Henry Selick’s Coraline (2009) is finally an example of how 3D doesn’t have to be solely about exploiting the ideas of spectacle. Being very much an anti-3D spectator, it would understandably take something fairly special to convince this writer that such a film can hold greater merit than just being another tediously plotted, CGI-laden piece of cinema.
However, Coraline manages to defy such expectations, incorporating the potential beauty of the third dimension through its subtlety rather than overdoing it and distracting from the story of the film itself. It doesn’t by any means damage the portrayal of a girl torn between the real ‘boring’ world, and the temptations of a much more exciting, parallel universe that she finds behind a tiny door in the bedroom of her new house.
Indeed, perhaps it could be argued that Selick’s subject matter hints at notions of being torn between the attractiveness and wonder of new technology, of the 3D obsession of recent years, and the ‘real’ world of masterfully-skilled puppetry and other such old-fashioned, traditional animation techniques. Seeing this film in Blu-ray, of course enhances its already strong aesthetic points, and the most visually striking and memorable scene occurs when Coraline is presented with a beautiful garden, created lovingly for her by her ‘other father’. Animated flowers and plants literally come to life, glowing, sparkling and glistening in all their 3D glory… This is the magic of cinema.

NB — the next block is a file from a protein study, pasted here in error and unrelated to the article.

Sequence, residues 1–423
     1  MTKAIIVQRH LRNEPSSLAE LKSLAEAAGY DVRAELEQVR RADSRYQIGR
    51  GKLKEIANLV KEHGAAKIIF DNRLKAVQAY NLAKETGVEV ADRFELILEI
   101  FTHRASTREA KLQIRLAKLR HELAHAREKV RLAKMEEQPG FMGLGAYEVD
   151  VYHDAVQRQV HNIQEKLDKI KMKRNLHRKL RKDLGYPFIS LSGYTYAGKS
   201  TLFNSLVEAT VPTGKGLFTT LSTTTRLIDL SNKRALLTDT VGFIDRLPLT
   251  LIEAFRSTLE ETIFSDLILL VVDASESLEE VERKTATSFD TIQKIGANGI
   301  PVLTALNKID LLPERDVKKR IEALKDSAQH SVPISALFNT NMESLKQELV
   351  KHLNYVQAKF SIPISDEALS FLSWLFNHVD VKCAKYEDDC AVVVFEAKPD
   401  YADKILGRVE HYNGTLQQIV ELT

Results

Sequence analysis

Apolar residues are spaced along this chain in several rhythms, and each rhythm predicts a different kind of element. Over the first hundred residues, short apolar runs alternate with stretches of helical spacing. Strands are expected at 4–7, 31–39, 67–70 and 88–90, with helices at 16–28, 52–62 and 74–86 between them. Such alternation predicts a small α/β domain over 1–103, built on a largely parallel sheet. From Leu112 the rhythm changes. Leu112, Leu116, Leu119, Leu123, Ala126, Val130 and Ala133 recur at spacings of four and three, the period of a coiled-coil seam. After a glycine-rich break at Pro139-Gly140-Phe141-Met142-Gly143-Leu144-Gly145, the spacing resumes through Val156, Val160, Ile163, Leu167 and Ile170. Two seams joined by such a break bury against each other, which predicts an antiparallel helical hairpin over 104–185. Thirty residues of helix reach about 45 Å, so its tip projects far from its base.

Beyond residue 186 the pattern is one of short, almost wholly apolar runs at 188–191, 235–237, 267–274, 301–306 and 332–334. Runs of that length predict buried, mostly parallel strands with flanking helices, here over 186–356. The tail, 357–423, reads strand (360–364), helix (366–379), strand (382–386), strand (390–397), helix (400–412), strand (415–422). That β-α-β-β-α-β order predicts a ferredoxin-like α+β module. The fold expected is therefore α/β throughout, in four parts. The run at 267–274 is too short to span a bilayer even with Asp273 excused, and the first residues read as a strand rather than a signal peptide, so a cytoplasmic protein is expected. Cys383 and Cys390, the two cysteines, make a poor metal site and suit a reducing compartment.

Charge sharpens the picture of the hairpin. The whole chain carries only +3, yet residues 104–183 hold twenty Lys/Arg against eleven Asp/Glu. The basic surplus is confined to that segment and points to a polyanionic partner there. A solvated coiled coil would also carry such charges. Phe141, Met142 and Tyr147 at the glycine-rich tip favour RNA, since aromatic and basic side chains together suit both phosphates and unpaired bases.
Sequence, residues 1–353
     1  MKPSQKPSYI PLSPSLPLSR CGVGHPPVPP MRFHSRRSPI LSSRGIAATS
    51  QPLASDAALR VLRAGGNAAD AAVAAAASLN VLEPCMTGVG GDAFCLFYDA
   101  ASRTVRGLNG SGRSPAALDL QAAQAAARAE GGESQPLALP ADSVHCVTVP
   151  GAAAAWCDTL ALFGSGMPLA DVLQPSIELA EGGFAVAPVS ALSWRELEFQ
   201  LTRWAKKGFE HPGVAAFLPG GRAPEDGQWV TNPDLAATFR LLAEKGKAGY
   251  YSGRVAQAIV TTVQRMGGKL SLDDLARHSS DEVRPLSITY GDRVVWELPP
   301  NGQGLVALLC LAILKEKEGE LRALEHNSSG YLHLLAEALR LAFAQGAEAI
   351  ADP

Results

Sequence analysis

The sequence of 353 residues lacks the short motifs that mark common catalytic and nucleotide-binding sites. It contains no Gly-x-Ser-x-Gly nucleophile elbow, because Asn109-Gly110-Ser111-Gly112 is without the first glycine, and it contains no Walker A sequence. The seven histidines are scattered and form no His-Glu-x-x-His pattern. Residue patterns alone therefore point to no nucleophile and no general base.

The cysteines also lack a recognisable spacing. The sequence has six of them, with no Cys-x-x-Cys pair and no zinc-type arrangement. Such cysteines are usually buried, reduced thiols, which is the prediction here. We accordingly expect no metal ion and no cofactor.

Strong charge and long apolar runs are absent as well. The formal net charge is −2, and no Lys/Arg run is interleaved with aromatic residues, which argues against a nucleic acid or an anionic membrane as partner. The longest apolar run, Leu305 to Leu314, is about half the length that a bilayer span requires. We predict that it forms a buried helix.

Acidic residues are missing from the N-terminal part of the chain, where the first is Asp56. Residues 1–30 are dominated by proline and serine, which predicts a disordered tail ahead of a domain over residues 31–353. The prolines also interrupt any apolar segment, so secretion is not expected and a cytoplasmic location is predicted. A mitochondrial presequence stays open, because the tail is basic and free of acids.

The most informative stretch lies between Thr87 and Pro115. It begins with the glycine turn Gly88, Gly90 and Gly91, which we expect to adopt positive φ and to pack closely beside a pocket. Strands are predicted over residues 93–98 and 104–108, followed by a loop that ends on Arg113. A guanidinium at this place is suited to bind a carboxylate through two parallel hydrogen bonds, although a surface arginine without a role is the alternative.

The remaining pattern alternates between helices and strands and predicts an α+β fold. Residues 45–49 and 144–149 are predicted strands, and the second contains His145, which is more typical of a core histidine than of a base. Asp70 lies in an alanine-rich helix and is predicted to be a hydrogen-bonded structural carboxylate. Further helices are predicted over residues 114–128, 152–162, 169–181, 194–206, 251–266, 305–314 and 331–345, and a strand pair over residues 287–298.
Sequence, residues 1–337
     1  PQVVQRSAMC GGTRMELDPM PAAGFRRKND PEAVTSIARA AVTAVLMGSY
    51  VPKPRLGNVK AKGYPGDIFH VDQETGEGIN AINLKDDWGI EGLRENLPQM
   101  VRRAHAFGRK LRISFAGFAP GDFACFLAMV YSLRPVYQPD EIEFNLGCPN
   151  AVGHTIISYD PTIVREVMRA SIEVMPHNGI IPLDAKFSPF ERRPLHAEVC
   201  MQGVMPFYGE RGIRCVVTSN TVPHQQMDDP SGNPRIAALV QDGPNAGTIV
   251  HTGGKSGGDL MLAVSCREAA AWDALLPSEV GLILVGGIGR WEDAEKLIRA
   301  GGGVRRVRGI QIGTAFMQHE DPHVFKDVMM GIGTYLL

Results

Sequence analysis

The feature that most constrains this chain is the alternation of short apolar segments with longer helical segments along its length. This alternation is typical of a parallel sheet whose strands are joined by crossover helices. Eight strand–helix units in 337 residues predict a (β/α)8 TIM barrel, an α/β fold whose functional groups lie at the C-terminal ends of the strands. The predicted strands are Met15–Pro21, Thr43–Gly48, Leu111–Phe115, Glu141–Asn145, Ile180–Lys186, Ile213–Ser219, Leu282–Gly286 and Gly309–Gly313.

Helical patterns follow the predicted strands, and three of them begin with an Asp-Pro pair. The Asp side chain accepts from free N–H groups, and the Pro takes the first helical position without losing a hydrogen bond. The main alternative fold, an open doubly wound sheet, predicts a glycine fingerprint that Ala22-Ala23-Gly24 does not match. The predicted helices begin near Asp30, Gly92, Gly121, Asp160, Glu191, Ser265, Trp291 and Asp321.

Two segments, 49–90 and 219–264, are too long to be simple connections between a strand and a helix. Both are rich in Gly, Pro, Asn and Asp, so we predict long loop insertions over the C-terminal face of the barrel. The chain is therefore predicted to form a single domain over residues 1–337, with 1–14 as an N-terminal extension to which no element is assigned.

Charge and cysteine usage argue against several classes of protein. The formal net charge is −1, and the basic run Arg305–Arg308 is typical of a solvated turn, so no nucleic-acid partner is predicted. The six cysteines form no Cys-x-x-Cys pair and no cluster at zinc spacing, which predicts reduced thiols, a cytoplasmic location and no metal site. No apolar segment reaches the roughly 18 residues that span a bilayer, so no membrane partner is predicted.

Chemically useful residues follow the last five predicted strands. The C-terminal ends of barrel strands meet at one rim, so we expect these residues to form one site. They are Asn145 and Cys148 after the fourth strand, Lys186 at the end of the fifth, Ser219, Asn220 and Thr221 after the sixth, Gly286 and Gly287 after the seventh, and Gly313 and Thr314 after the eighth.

A beautiful, enchanting soundtrack wraps the spectator wholly in the on-screen events and transports them into the weird and wonderful world of Coraline and her ever-blossoming imagination. However, when things take a turn for the worse, and her ‘other mother’ tries to replace her real eyes with buttons (to match those of her new parents), Coraline must escape the clutches of a terrifying matriarchal figure, who morphs into an overpowering black widow spider, made from the needles first seen sewing together the eerie doll that leads Coraline into her ‘other’ world.
While the gothic-style mise-en-scene, reminiscent of the work of Tim Burton (in particular his Corpse Bride (2005)), and Selick and Burton’s earlier collaboration The Nightmare Before Christmas (1993), might be getting a bit tired, this is a film that perfectly executes the teamwork possible between 3D and more traditional techniques of times gone by. And, refreshingly, this is a piece that places its emphasis on visual storytelling but not solely on the modern usage of that notorious third dimension.
Laura J. Smith